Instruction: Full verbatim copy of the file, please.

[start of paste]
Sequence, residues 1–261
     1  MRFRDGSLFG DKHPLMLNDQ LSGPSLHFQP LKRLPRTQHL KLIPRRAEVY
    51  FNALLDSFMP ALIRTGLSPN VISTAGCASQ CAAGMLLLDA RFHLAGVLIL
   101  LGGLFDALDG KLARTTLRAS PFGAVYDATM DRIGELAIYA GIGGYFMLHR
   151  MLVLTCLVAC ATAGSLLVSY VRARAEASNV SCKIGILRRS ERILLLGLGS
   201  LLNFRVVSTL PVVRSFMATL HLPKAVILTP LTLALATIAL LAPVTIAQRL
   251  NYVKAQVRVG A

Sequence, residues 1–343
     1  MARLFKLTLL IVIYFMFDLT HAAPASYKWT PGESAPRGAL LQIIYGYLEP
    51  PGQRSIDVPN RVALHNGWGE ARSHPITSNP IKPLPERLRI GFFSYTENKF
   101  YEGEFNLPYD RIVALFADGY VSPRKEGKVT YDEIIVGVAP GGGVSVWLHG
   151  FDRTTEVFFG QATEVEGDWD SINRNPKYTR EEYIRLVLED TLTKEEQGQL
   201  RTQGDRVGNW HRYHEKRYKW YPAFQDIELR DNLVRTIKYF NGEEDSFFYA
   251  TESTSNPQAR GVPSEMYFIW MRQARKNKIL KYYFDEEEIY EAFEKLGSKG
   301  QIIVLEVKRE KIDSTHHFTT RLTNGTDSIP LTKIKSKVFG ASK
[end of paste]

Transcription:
Sequence, residues 1–261
     1  MRFRDGSLFG DKHPLMLNDQ LSGPSLHFQP LKRLPRTQHL KLIPRRAEVY
    51  FNALLDSFMP ALIRTGLSPN VISTAGCASQ CAAGMLLLDA RFHLAGVLIL
   101  LGGLFDALDG KLARTTLRAS PFGAVYDATM DRIGELAIYA GIGGYFMLHR
   151  MLVLTCLVAC ATAGSLLVSY VRARAEASNV SCKIGILRRS ERILLLGLGS
   201  LLNFRVVSTL PVVRSFMATL HLPKAVILTP LTLALATIAL LAPVTIAQRL
   251  NYVKAQVRVG A

Sequence, residues 1–343
     1  MARLFKLTLL IVIYFMFDLT HAAPASYKWT PGESAPRGAL LQIIYGYLEP
    51  PGQRSIDVPN RVALHNGWGE ARSHPITSNP IKPLPERLRI GFFSYTENKF
   101  YEGEFNLPYD RIVALFADGY VSPRKEGKVT YDEIIVGVAP GGGVSVWLHG
   151  FDRTTEVFFG QATEVEGDWD SINRNPKYTR EEYIRLVLED TLTKEEQGQL
   201  RTQGDRVGNW HRYHEKRYKW YPAFQDIELR DNLVRTIKYF NGEEDSFFYA
   251  TESTSNPQAR GVPSEMYFIW MRQARKNKIL KYYFDEEEIY EAFEKLGSKG
   301  QIIVLEVKRE KIDSTHHFTT RLTNGTDSIP LTKIKSKVFG ASK